In Defense of Old Tourist Restaurants

*From time to time, we share the writing of our friends and co-workers on this site. Today’s guest post comes from the blog of Zingerman’s Mail Order Managing Partner, Mo Frechette. You can read Mo’s blog here

Mo FrechetteSometime in the last decade or so I lost whatever hangup I had about going to restaurants that serve a lot of tourists. I guess it should have happened a lot sooner given that I’ve been part of Zingerman’s for almost two decades and we’ve been a tourist joint almost the entire time. I think I can pinpoint my personal transformation to sometime around the second bite of lunch at Cal Pep in Barcelona. It was a crowded counter swarmed by Americans. I was there with my friend Eric Farrell, now the owner of one of my favorite bars. We did that kind of anxious wait you do in Europe when you stand around not sure if anyone has seen you or if you should be doing something different or just leave. Sometime later a bottle of wine was handed to us, no questions asked; naturally we emptied it. An hour and a half later we closed the place having eaten most of the menu. I’ve never forgotten the food. I’m sure there are technically better meals in Barcelona — I’ve eaten a couple of them — but for sheer force of expression almost no place I’ve eaten at feels quite like Cal Pep.

What was a small transformation has grown into a larger passion. Where once I avoided them or held my nose when I visited, now I’m really drawn to old places that continue to do something great. That said, I like new places, too. They have loads of energy and I learn all kinds of things. They’re exciting like a new rock band is exciting. But with older places there’s almost something else to grasp. It’s not like they have to do everything well, and in fact most of them don’t. It’s kind of like watching old movies; you have to get over the period artifice to some extent in order to enjoy it. Same with old restaurants. Most of the time half the menu will be crap. Order carefully. If they do enough well — or even just one thing — that’s enough for me. The part that makes it worth it is that they’ve done whatever it is so well for so long they wear an elegance that newness can’t share. My friend Dai who owns Astro Coffee (highly recommended) put it well when he recently told me, “When people ask me where to go in San Francisco I tell them Chez Panisse. I mean Mission Chinese is red hot and it’s fine but Chez Panisse has been at it and after 40 years it’s beautiful. You want to know the secret to a great place? That’s it. You just show up and keep making it great—endlessly.”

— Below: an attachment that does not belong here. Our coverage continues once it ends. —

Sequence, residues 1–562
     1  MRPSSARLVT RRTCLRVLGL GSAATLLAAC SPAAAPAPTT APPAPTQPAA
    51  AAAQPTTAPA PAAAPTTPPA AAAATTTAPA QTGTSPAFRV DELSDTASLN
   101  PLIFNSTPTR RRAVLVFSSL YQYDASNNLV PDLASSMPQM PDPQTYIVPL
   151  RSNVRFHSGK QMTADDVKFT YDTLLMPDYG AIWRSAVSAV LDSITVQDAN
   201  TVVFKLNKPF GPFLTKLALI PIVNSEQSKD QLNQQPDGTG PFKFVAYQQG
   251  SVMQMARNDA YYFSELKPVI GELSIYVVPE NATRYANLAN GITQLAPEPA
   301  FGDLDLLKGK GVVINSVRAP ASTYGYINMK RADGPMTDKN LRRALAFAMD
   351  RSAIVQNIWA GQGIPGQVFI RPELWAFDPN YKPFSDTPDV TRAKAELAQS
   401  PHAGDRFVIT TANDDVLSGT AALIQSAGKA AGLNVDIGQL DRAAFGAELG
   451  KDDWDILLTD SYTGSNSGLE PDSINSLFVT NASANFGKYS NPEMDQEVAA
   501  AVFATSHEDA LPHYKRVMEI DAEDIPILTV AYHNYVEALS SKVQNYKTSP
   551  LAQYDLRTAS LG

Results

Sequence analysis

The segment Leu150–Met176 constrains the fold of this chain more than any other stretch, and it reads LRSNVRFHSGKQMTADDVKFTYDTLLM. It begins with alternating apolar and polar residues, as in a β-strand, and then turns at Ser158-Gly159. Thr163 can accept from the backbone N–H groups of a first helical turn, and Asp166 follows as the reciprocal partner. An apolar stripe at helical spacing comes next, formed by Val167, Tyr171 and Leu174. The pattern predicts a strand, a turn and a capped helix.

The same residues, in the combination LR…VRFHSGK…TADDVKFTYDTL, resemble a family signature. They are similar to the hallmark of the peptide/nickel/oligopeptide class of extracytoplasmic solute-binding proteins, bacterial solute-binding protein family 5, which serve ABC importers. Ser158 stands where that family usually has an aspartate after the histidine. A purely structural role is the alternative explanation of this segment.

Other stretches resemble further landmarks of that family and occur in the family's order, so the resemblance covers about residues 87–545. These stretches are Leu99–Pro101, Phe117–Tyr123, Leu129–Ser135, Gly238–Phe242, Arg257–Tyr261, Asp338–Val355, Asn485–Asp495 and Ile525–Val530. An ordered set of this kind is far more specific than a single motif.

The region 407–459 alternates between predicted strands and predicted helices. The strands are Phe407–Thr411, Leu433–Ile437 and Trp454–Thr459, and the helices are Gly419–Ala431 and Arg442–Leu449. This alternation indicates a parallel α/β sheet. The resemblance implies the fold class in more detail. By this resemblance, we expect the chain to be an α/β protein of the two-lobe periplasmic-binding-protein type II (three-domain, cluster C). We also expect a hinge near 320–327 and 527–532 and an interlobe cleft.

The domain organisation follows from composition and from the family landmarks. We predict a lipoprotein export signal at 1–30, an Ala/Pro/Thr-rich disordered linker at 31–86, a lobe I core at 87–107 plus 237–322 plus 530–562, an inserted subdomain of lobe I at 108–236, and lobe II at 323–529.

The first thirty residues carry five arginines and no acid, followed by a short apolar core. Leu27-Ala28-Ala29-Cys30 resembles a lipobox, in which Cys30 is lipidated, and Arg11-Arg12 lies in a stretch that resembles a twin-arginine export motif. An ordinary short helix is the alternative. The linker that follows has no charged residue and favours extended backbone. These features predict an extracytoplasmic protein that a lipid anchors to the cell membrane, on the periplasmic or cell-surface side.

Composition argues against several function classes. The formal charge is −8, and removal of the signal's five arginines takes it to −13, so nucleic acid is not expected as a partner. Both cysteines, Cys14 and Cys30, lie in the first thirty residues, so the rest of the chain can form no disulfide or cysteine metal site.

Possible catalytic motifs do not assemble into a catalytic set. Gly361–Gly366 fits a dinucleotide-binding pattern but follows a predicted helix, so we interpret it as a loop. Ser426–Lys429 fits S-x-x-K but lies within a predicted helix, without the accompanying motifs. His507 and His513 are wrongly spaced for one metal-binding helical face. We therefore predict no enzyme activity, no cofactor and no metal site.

Here are a few of my favorite old tourist joints — some older than others — that I think are worth it for one reason or other.

Barcelona, Cal Pep

San FranciscoSwan Oyster Depot and, on some nights, the Tonga Room at the Fairmont Hotel

Buenos Aires, La Preferida

Rome, Sora Margherita

New York, Grand Central Oyster Bar

Montreal, Schwartz’s

New Orleans, almost anything…